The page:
(a) Voting in elections

(b) Lobbying

(c)  Speaking in public/having one’s voice heard

(d) Assessing a transparent government

(e) Equal treatment by the government

And, though not directly relevant to the resolution, arguably democracy perpetuates inequality because it gives the impression that the voices and interests of the poor are protected in the democratic process.   Since they probably are not, it really just serves to rationalize inequality.

The Pro

If you look at each of the ways the influence and control is exercised, it is easy to understand that inequality is a threat to democratic ideals. 

(a) Voting – the poor often do not vote because they aren’t educated enough to understand the political process, they live in places far from voting booths and lack transportation, and they are often ignored by political parties

(b) Lobbying – Wealthy Americans have the resource to for lobby groups to protect their interests and gain access to Congress
(c) Speaking – the poor lack the resources to take their case to the airwaves, to form advocacy groups, to develop connections.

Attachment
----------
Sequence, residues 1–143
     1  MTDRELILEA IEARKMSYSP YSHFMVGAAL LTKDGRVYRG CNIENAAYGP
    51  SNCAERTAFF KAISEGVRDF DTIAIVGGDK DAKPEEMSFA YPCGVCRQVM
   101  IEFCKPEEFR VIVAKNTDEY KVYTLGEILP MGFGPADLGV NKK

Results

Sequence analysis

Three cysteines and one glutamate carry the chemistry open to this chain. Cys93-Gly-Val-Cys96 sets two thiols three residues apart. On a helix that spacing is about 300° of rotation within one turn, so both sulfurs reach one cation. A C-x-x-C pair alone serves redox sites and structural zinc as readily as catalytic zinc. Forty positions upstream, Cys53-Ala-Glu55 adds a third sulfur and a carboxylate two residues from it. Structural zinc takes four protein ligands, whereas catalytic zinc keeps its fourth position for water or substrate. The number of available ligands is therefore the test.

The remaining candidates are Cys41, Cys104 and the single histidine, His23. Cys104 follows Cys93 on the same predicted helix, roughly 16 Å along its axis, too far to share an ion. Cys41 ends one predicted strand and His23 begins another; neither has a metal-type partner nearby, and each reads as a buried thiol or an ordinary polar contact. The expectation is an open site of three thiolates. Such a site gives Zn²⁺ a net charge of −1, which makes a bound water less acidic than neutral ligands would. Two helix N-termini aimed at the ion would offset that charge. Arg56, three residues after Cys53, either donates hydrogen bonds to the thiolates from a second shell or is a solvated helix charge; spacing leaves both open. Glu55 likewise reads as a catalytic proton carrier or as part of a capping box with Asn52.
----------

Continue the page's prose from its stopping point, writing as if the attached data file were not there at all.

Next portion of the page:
(d) Equal treatment – Since the poor are effectively excluded from the political process, they do not end up being treated equally

There is evidence to support each of these arguments in the packet.

There are a couple of Con arguments that I have heard people make that aren’t very good but are worth addressing.

Capitalism/free markets promote democracy.   While capitalism and free markets may promote democracy, there is no evidence that inequality that is produced by capitalism and the free market promote democracy.  You can argue for capitalism and free markets without arguing for inequality, especially at the current levels in the U.S..    Moreover, we have evidence in this update that directly answers the claim that capitalism promotes democracy.

Occupy movements.   The argument has been made that inequality doesn’t threaten democracy because the Occupy movements prove that the poor and disenfranchised will protest.  This is an interesting argument, but it really isn’t responsive.